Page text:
APPENDIX #7: SUNDAY STARTIMES ARTICLE ON BANQER* Cashed up financial literacy for college students A mission has begun to financially educate our teenagers. Rob Stock reports. Sunday Star-Times · 11 Feb 2018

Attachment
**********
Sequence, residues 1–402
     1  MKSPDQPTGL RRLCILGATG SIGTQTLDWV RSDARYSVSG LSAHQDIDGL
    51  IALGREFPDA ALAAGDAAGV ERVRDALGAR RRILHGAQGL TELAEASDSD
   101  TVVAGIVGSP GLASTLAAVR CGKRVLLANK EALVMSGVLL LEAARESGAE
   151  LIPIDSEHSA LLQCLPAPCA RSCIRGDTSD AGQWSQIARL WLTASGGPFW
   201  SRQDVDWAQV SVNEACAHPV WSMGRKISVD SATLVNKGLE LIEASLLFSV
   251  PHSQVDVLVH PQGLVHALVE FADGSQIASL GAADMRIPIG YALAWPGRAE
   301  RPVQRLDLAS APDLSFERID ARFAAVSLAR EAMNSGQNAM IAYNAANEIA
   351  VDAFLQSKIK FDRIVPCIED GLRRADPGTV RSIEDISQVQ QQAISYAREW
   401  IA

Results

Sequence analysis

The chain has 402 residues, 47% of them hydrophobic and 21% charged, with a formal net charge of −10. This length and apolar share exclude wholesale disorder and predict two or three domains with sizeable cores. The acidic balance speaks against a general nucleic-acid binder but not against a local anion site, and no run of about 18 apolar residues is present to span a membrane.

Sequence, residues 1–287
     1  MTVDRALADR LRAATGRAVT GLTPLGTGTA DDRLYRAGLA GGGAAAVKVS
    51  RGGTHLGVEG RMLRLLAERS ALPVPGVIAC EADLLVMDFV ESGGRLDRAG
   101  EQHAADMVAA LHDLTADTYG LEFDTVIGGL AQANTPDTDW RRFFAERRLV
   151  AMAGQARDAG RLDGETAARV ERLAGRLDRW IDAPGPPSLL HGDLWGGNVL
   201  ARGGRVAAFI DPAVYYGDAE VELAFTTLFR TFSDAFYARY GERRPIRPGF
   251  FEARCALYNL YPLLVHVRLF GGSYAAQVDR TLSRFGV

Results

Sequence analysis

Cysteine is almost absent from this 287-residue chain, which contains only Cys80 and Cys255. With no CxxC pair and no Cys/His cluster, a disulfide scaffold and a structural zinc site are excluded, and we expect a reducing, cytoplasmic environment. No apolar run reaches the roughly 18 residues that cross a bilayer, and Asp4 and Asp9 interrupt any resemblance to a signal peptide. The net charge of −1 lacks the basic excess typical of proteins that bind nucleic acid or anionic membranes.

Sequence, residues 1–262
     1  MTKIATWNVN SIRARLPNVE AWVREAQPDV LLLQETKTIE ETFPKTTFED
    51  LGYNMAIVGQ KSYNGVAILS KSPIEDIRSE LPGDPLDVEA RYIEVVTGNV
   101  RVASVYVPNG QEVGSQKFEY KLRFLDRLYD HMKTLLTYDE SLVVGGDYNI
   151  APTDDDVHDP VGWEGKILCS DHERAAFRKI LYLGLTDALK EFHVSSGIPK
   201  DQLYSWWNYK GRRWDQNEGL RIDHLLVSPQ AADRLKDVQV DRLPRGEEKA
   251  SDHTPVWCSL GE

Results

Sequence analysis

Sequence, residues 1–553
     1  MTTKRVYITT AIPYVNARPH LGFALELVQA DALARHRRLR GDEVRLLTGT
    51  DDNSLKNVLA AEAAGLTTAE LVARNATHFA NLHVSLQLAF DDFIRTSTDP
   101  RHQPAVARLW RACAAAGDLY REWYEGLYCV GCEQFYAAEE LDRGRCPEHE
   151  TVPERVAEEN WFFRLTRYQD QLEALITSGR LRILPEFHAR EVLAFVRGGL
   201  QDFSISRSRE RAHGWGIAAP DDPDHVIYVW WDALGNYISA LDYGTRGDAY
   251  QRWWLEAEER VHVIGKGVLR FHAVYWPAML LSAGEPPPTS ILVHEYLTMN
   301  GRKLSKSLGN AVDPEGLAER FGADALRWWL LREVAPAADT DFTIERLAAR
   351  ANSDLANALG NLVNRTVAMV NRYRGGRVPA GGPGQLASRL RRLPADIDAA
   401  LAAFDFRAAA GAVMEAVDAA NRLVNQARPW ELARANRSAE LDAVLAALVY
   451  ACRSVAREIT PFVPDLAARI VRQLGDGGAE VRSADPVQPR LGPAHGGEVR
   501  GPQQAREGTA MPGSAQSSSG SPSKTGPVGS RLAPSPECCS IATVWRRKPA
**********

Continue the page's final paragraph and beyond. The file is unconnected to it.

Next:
Secondary school children have a new way to learn about money with the launch tomorrow of Kohorts, a ‘‘sister’’ company to Banqer. Banqer’s virtual world of money is being used by children and teachers in around 500 primary schools around the country, and Kohorts aims to have a similar impact in secondary schools. Like Banqer, Kohorts is a subscription-based service. Schools will pay $1 per student per month for the children to build their financial capability through a digital world which simulates the money lives of young adults leaving home, and entering the workforce. Founders Simon Brown and Alex Miller are both employees of Banqer. Brown said New Zealand secondary students were at a disadvantage when it came to financial preparedness. ‘‘Unlike certain European, North American and Australian students, Kiwi teens aren’t required to partake in any financial education as a part of their secondary studies.’’ Research in three US states had found that after making financial education compulsory in schools, the average credit score rose and the number of people missing loan repayments dropped. ‘‘Studies show that 10 years after mandating financial education in high schools in the US, the states of Georgia, Idaho, and Texas are better o!,’’ Brown said. ‘‘All three states saw credit scores rise an average of 12 points. ‘‘Similarly, 90-day delinquencies dropped, Texas seeing the biggest change with a 32.6 percentage point difference from pre-implementation levels.’’ Kohorts aimed to change New Zealand’s situation, and had developed a charitable donations scheme to fund schools in lower socio-economic areas, where even a dollar a month could be a cost too high for parents. That may be important, as the OECD has found that while many New Zealanders grow up to be financially knowledgeable, there’s a large group who end up as adults with low levels of knowledge. The OECD is a believer, having identified young adults in the world’s most developed countries having a significant money skills deficit. Ninety-three per cent of UK teenagers were worried about money on a daily basis. Most parents want money education in schools too. In 2015, a survey by Westpac found 93 per cent of parents wanted children to be taught about money in the classroom. Not everybody approves of classroom capitalist training. ‘‘Some people think we should let kids by kids, and not worry them about this kind of thing,’’ Brown admitted. However, as children progress through their secondary educations, they drew closer to big finance decisions including, for many, going into debt to get a tertiary education. Even with Labour’s fee-free first year of study policy, studying may well mean borrowing money to live in cities where rents have spiked as a result of chronic housing shortages. The success of the Banqer model, which Kohorts is following, has been partly due to making life easy for teachers, who may be expert educators but not experts at money management. The virtual world requires teachers to be involved, but does not require them to begin as money experts. Brown said: ‘‘It’s easy to say this should be taught in schools but the reality for schools to make this happen is a challenging one.’’ ‘‘Teachers currently face a number of constraints making it hard for them to teach this life skill. We simply hope to remove those.’’ Kohorts was tested in Taranaki schools, assisted by Taranaki Futures, which is a project aiming to prepare secondary school children for life in the workforce. MONEY SMARTS OF OECD’S YOUNG ADULTS US: Only 27 per cent of young adults know what inflation is. UK: 52 per cent of young Brits have been in debt by the age of 17. DENMARK: 73 per cent of young adults have little or no knowledge of interest rates. CANADA: 63 per cent of young adults believe it is important to learn about personal finance at a young age.